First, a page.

If you grow up in Japan, and especially if you are a boy (which I am not, but I have raised one, so I know), summer vacation means beetle-catching time. Though I am not fond of creepy crawlies, for some inexplicable reason, beetles are okay with me.
I think it's safe to say that the most popular beetles among children here are the kabutomushi (rhinoceros beetle) and the kuwagata (stag beetle). We have been known, however, to spend our summers trying to capture semi (cicadas), or raising suzumushi (bell crickets) from eggs for a science experiment. Unlike the normally silent rhino beetles and stag beetles, cicadas and bell crickets hum, sing, buzz, and ring like silver bells. These sounds, along with the chants of the traveling wind-chime vendor or the pet goldfish vendor, will instantly awaken long-dormant childhood memories of summer.
The etegami at the top depicts a Hercules Beetle, which is supposed to be the largest of the rhinoceros beetles. I drew it while I was experimenting with this week's Illustration Friday topic: Giant. My official IF submission ended up being the giant toad in my previous post. But I'm rather fond of this rhino beetle etegami, and I decided to use it for our 2010 summer greeting card. The accompanying words are the standard ones we use for this customary exchange: Shochuu mimai o moushi-agemasu (solicitations in the middle of summer's heat).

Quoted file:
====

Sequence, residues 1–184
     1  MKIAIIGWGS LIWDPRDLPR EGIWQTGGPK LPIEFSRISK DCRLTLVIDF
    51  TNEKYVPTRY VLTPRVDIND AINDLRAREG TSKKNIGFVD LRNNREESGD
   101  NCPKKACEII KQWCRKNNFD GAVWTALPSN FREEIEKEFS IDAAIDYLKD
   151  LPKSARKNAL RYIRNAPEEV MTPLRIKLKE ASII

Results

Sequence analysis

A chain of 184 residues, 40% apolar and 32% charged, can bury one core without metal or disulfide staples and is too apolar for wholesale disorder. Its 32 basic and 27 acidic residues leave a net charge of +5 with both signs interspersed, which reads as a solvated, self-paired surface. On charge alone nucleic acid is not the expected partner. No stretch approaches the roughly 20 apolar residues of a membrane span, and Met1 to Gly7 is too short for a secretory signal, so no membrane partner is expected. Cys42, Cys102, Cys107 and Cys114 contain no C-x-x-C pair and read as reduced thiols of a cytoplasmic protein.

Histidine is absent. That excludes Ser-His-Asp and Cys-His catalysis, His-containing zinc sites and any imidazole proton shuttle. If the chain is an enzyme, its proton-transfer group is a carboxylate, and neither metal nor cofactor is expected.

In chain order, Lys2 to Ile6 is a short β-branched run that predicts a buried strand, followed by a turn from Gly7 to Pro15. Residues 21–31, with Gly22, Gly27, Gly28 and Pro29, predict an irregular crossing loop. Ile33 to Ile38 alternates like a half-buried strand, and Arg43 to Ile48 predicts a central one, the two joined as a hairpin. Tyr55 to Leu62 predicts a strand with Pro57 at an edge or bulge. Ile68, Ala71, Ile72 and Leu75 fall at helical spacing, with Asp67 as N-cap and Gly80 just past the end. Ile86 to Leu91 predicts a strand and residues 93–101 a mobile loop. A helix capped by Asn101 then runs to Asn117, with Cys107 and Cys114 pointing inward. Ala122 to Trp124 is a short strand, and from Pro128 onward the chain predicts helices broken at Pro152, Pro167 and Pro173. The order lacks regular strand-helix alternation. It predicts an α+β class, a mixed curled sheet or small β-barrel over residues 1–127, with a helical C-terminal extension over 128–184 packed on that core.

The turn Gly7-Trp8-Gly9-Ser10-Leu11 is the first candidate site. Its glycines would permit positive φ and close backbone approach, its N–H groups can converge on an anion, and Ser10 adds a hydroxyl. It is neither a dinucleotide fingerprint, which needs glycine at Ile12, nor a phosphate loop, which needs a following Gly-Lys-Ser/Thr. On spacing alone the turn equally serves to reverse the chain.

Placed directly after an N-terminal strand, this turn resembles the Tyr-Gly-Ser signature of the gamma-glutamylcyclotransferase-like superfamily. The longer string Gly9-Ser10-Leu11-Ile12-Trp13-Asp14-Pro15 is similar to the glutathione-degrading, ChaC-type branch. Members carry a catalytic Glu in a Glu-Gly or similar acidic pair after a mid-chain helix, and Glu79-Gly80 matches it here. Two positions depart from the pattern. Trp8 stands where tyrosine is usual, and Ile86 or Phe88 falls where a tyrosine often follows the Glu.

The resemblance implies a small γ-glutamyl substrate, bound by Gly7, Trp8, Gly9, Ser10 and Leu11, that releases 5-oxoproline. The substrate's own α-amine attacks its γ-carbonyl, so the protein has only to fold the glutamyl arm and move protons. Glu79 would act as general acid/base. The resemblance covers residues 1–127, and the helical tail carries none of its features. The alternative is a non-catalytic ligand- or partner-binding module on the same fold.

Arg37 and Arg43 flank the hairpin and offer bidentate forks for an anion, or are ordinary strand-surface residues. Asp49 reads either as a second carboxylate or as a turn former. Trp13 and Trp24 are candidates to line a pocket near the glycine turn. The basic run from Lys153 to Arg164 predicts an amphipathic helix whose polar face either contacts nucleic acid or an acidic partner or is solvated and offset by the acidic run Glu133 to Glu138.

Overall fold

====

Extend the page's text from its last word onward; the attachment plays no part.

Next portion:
The second etegami depicts a stag beetle. The accompanying words are a short quote from a delightful AA Milne (of Winnie the Pooh fame) poem that I ran across the other day. I just can't resist posting the entire poem here. (I just can't!) I hope you enjoy it as much as I do.
I found a little beetle, so that beetle was his name,
And I called him Alexander and he answered just the same.
I put him in a matchbox, and I kept him all the day...
And Nanny let my beetle out
Yes, Nanny let my beetle out
She went and let my beetle out-
And beetle ran away.
She said she didn't mean it, and I never said she did,
She said she wanted matches, and she just took off the lid
She said that she was sorry, but it's difficult to catch
An excited sort of beetle you've mistaken for a match.
She said that she was sorry, and I really mustn't mind
As there's lots and lots of beetles which she's certain we could find
If we looked about the garden for the holes where beetles hid-
And we'd get another matchbox, and write BEETLE on the lid.
We went to all the places which a beetle might be near,
And we made the sort of noises which a beetle likes to hear,
And I saw a kind of something, and I gave a sort of shout:
"A beetle-house and Alexander Beetle coming out!"
It was Alexander Beetle I'm as certain as can be
And he had a sort of look as if he thought it might be ME,
And he had a kind of look as if he thought he ought to say:
"I'm very, very sorry that I tried to run away."
And Nanny's very sorry too, for you-know-what-she-did,
And she's writing ALEXANDER very blackly on the lid,
So Nan and me are friends, because it's difficult to catch
An excited Alexander you've mistaken for a match.